The analysis shows that if the 40-plus pillar 2 compliant jurisdictions make good on their plans to adopt pillar 2, and the United States does nothing in response, ‘then the impact of pillar 2 on U.S. revenues could vary by $400 billion dollars depending on their assumptions on profit shifting,’ Plowgian said. ‘If you just look at the midpoint of that range, what they're seeing is that pillar 2 adoption by those 40-plus jurisdictions and no action by the U.S. is an increase in U.S. tax receipts of $25 billion,’ he added.

During the hearing, lawmakers repeatedly argued over the findings in the JCT report, but the hearing wasn’t all partisan bickering

Eide Bailly’s coverage of the hearing was in last week’s Recap:

Capitol Hill Recap: Possible Shutdown Adds More Uncertainty To Passing Tax Legislation – Jay Heflin, Eide Bailly (scroll down to find story):

There was a flash of bipartisanship when it came to the OECD needing to recognize that U.S. tax credits (like for R&D) should not trigger the top-up tax.

Rep. Miller asked Michael Plowgian, Treasury Department’s Deputy Assistant Secretary for International Tax Affairs who testified before the subcommittee, about actions the administration was taking to ensure that U.S. tax credits don’t enlarge tax bills.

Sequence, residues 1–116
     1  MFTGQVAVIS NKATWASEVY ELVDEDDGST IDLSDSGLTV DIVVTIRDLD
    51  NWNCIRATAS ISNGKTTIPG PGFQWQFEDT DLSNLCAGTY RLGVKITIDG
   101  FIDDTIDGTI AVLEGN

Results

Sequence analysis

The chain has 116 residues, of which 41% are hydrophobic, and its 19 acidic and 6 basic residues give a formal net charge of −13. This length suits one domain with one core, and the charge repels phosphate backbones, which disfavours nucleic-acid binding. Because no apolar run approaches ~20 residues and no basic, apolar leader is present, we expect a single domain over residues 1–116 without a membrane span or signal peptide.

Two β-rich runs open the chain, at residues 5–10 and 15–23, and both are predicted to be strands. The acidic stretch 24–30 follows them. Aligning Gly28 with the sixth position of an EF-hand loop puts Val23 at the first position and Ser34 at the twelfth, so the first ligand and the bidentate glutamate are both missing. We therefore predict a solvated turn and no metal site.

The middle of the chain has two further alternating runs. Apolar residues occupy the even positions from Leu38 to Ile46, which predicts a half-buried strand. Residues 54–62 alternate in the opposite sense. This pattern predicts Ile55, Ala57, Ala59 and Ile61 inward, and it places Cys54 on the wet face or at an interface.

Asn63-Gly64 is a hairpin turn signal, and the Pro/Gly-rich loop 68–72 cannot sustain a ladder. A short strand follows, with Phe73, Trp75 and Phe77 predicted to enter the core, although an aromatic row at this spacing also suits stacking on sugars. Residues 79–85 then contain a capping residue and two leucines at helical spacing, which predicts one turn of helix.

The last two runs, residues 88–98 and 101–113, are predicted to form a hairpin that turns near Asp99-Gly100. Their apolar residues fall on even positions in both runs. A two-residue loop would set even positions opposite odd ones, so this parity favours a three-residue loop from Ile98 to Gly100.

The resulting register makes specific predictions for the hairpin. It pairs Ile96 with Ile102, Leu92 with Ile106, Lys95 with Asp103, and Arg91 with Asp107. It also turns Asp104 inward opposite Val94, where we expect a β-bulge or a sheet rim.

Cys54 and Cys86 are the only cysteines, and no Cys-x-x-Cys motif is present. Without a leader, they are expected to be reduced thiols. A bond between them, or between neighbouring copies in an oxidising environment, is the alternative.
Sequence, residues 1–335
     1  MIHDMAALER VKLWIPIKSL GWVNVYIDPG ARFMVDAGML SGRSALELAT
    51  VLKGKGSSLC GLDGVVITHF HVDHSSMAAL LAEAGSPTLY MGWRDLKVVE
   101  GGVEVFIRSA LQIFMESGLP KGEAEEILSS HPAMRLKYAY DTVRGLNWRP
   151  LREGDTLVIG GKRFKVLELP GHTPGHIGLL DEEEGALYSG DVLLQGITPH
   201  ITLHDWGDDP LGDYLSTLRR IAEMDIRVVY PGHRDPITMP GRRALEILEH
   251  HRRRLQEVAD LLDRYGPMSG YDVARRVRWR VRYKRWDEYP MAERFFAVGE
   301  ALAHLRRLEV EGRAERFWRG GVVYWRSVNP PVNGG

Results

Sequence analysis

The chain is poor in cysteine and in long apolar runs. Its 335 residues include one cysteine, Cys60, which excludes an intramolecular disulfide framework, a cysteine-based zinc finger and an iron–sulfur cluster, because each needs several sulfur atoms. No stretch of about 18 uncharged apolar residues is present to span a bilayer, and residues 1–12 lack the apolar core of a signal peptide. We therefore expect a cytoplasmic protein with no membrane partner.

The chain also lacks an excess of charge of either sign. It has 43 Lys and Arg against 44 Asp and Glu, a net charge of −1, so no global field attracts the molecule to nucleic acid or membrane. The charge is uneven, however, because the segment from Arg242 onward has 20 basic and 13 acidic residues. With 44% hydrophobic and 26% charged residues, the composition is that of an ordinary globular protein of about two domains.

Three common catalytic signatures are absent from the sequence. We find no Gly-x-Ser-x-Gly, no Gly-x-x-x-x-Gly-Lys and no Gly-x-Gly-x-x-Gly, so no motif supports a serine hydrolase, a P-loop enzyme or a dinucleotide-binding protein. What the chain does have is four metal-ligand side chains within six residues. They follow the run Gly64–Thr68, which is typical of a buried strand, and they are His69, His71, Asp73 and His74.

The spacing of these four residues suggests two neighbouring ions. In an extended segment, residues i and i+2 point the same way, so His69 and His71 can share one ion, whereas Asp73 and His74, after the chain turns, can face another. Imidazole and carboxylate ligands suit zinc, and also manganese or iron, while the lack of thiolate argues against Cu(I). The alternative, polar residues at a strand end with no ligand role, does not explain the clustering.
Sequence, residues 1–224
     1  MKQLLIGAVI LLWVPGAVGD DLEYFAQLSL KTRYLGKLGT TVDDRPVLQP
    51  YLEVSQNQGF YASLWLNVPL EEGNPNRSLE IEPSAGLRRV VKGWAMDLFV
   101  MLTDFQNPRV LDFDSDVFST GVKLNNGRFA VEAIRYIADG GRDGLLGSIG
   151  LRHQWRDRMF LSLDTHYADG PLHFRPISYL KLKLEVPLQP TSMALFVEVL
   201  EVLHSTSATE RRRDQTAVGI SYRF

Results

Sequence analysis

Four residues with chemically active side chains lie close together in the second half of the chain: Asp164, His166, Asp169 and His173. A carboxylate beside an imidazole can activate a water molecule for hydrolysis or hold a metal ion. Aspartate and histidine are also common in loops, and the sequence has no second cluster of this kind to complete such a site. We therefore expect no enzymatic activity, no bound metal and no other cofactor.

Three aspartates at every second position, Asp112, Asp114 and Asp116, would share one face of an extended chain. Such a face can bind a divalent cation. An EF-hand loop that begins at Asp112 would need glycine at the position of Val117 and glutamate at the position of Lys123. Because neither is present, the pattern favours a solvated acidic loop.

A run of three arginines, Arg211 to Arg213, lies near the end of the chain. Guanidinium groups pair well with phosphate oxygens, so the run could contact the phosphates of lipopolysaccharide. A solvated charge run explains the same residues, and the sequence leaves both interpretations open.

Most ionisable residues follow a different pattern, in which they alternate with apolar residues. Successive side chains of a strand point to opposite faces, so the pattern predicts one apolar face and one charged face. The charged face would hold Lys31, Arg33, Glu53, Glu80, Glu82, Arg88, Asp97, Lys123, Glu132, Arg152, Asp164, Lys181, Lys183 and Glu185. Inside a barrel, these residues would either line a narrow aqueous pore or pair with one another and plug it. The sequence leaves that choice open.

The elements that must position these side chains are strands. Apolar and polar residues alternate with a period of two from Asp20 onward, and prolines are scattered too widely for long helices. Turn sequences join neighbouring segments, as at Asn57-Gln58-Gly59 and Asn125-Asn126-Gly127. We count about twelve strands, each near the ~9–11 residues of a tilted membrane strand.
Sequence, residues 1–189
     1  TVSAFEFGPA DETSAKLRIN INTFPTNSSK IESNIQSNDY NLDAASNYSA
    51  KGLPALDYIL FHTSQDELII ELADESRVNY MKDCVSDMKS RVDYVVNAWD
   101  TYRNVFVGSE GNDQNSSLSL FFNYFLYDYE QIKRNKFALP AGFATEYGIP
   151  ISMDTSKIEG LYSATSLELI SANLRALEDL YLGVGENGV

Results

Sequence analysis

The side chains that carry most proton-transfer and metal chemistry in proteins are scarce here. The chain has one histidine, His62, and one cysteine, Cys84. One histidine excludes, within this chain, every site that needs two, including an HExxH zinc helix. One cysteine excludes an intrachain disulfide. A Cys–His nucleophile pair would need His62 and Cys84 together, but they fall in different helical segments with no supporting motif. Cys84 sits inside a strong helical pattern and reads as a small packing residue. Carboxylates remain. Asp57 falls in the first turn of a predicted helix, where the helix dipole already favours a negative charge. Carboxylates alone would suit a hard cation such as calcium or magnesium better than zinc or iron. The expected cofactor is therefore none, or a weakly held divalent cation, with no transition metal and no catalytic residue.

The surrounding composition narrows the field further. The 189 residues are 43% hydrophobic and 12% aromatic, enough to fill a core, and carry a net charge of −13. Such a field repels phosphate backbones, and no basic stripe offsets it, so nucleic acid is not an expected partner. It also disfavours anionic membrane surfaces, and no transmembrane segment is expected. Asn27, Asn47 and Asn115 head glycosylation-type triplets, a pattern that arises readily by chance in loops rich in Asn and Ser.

Plowgian’s reply: "It’s [the concern that U.S. tax credits will increase taxes] a shared and consistent priority across the administration that have participated in these negotiations to protect U.S. interests, to protect U.S. businesses and to protect American workers."


From the “You’ve Come a Long Way, Baby” file:

IRS’s Danny Werfel Picks His Battles to Keep the Haters at Bay - Naomi Jagoda and Chris Cioffi, Bloomberg ($):

Werfel hasn’t been immune from GOP criticism. House Ways and Means Committee Chair Jason Smith (R-Mo.) has argued that the IRS employees were retaliated against despite Werfel’s pledge that the agency wouldn’t retaliate against those who blow the whistle.

Still, decades of experience at the IRS, the Office of Management and Budget, and the private sector working on public sector issues seems to have given ‘Danny’ the name recognition and goodwill to buy himself time.

I’ve taken note of IRS commissioners since President Clinton left office. Out of all of them, Werfel is the best at working a room.


Happy National Drive-Thru Day and National Tequila Day! In some states you can celebrate both by buying tequila through a liquor store drive thru!